From Digital Customer Experience to Digital Risk Management
While the term "digital" is used — and even overused — in a variety of contexts, many would agree that the digital movement was and is centered on digitizing the customer experience. Making things easy for the customer, creating experiences that will keep them coming back, and identifying customer service as a top priority are all common objectives in insurance, and a great deal of digital emphasis is placed on these initiatives. However, the heartbeat of an insurance company is effective risk management — and quite often, the most reluctant to join the digital parade are chief underwriting officers (CUOs), not because they’re grumpy progress-stompers, but because they want to ensure that good risks are put on the books and that underwriting disciplines and philosophies are upheld. Not enough digital ambitions have been focused on the CUO world, and that is where digital convincing needs to occur to bring them on board and excite them about digital. As a result, while digital customer experience will remain a priority, emphasis will broaden toward using digital technologies — be it AI, data analytics or risk assessment technologies — for a better underwriting result. Digitizing phases of the underwriting process to optimize underwriting time capacities and drive consistency of risk assessment and decision-making will be more in focus, adjacent to making customers happy.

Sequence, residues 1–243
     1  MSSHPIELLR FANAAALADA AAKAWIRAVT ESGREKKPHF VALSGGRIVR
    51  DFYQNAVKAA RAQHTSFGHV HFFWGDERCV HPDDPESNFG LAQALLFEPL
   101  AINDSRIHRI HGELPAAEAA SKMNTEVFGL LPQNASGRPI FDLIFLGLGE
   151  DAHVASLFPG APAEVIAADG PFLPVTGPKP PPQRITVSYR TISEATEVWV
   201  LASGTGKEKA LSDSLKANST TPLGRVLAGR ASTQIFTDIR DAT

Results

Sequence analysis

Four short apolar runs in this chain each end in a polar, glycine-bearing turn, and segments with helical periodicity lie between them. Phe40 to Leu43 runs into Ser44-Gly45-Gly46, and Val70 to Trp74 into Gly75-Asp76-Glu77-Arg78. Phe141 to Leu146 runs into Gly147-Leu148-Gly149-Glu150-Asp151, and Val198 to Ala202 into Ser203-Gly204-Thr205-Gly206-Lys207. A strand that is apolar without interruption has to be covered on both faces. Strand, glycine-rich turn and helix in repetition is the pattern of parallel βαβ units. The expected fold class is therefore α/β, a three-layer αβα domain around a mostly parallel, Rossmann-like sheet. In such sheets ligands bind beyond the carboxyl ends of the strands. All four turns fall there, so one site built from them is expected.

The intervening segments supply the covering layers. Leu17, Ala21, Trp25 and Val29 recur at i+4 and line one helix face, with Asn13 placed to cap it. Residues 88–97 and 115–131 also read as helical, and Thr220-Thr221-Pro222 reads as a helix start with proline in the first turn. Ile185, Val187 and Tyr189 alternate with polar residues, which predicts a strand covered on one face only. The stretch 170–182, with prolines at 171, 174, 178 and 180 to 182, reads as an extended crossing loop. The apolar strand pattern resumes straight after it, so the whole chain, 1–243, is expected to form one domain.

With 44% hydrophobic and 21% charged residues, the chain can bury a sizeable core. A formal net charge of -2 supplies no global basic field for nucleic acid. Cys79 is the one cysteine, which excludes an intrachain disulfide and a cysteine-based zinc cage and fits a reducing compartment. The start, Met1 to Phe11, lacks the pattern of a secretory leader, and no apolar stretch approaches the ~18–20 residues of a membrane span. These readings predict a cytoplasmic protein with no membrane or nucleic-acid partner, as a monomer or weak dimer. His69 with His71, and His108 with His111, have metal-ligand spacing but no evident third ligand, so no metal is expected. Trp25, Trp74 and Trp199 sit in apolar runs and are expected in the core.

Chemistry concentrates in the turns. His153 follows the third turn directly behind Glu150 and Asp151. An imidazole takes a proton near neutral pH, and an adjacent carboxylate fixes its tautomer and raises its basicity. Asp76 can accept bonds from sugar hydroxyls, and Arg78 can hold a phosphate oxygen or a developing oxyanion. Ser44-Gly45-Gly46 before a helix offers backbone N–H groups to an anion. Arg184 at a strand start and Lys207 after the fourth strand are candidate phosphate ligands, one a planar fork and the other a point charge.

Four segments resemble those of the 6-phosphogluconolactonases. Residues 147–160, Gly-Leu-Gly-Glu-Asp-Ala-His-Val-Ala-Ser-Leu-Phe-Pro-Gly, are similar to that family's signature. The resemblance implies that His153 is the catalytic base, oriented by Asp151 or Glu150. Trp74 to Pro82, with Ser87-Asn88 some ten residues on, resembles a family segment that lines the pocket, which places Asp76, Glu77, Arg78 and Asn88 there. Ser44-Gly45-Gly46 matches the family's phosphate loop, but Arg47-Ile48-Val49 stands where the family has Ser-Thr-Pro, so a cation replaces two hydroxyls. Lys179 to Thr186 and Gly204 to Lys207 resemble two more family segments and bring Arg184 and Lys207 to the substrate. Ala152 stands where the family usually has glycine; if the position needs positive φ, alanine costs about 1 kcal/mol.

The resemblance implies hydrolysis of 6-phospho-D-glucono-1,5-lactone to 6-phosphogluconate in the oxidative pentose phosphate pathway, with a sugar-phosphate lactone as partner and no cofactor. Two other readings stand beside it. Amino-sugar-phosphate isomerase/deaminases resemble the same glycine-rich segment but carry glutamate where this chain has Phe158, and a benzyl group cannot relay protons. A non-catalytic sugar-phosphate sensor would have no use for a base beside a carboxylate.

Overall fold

From Call Centers to Intelligent Customer Interaction Centers
Customer servicing enabled by natural language processing, AI and voice assistants, such as Alexa or Siri, will become more common. This customer call automation, combined with web and email channel automation technology, will move carriers toward omnichannel customer interaction management that is driven by technology engines. This shift will be driven by carriers looking for efficiencies in workforce management, faster customer issue resolution and tracking of customer interaction data to improve products and services.
Given these other trends, carriers will be looking more to an outside perspective —outside of the insurance industry, outside of traditional insurance approaches and outside of traditional insurance vendors and suppliers. Insurance companies move as somewhat a pod, and, historically, the benchmarks of what constitutes progress and advancement has been focused on others in the pod. Over the next year, we’ll see a shift toward the new benchmark, which is now the broader world, other industries and the digital economy being built outside of insurance. This is the economy customers of insurance carriers are experiencing in their worlds — whether they are individual or commercial buyers of insurance — and their expectation of what insurance should be or should look like is shaped by these outside forces. As a result, insurance carriers will need to rely more and more on partners in 2020 who may not be traditional vendor insiders, but outsiders who have helped create digital ecosystems in other industries and enabled digitally born companies.